Traces the growth in the use of economic value added (EVA, previously known as residual income) and uses two previous research studies to assess some claims for its merits. Compares EVA’s ability to explain stock returns with that of earnings before extraordinary items (EBEI) and cash flow using 1984‐1993 US data; and finds EBEI is most closely related. Examines EVA’s incentive effects on management investing, financing and operating decisions and shows that, although EVA users decreased new investment, increased dispositions of assets, increased share repurchases, used assets more intensively and increased residual income, market reactions to this were weak. Suggests possible reasons for this and concludes that EVA may align management incentives with shareholders’ interests but this does not necessarily increase shareholder value.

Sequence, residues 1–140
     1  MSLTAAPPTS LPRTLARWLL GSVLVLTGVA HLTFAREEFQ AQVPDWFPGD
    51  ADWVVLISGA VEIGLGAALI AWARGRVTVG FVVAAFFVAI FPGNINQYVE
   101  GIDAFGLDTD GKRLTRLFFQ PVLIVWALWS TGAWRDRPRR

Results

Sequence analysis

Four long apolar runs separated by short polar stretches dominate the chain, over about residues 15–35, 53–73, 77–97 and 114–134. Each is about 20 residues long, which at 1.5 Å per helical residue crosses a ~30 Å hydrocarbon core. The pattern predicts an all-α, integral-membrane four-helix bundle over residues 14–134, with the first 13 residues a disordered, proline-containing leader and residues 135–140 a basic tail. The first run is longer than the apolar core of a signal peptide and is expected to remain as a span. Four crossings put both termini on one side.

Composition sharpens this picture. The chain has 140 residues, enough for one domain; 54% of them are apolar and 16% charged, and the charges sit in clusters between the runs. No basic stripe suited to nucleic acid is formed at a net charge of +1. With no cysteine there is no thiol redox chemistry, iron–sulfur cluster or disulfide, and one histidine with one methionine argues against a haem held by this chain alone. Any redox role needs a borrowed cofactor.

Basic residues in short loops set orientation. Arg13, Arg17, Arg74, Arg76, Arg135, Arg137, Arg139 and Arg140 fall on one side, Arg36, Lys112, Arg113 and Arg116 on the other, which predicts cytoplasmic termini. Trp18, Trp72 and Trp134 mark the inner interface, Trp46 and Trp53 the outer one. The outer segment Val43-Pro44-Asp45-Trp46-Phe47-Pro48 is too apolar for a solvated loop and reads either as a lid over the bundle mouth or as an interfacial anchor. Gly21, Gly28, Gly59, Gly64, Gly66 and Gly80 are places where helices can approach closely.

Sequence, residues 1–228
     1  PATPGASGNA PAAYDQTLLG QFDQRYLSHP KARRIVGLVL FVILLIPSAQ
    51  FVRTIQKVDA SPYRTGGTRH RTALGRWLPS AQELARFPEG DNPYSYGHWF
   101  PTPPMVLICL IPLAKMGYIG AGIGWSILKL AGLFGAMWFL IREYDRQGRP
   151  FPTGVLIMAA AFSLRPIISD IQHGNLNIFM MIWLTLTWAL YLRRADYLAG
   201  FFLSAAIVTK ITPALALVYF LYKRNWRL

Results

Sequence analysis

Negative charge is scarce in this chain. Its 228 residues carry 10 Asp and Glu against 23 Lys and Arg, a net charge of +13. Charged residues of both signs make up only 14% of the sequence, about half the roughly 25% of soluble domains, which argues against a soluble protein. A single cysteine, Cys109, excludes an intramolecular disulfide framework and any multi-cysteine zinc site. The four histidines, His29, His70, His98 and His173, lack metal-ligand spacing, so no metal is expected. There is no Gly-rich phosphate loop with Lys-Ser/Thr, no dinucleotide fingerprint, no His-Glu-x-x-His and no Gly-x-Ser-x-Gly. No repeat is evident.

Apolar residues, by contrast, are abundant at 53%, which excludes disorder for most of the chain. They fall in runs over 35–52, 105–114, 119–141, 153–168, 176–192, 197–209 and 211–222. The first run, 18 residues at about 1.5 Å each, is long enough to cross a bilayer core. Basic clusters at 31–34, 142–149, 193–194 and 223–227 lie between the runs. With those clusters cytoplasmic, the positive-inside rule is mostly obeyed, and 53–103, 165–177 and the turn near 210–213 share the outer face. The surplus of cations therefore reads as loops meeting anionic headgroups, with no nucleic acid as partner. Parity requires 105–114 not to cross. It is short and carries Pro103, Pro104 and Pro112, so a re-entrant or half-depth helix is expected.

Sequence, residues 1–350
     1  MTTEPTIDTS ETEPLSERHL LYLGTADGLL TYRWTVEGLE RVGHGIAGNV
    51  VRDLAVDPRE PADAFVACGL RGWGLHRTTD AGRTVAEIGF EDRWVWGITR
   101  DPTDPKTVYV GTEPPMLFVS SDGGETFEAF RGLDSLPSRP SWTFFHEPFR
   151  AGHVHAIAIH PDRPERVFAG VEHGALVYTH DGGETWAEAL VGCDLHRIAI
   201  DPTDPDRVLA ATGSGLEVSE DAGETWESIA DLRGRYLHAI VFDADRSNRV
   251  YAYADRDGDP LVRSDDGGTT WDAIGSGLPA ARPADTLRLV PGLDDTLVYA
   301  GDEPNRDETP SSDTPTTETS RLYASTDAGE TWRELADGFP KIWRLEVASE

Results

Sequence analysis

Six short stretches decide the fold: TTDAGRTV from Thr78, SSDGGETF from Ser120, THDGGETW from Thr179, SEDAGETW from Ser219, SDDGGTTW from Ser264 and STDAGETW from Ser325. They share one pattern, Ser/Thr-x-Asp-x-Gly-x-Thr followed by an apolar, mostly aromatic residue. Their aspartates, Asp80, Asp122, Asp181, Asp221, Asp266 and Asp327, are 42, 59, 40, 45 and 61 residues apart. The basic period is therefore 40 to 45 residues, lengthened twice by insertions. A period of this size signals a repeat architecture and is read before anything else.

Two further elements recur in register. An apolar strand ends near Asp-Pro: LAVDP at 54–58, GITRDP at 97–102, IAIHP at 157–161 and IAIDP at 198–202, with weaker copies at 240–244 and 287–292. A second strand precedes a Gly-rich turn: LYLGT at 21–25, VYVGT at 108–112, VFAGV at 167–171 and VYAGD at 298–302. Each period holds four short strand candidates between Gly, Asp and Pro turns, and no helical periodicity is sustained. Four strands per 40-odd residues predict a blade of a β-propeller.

CitationDownload as .RIS
MCB UP Ltd
Copyright © 1998, MCB UP Limited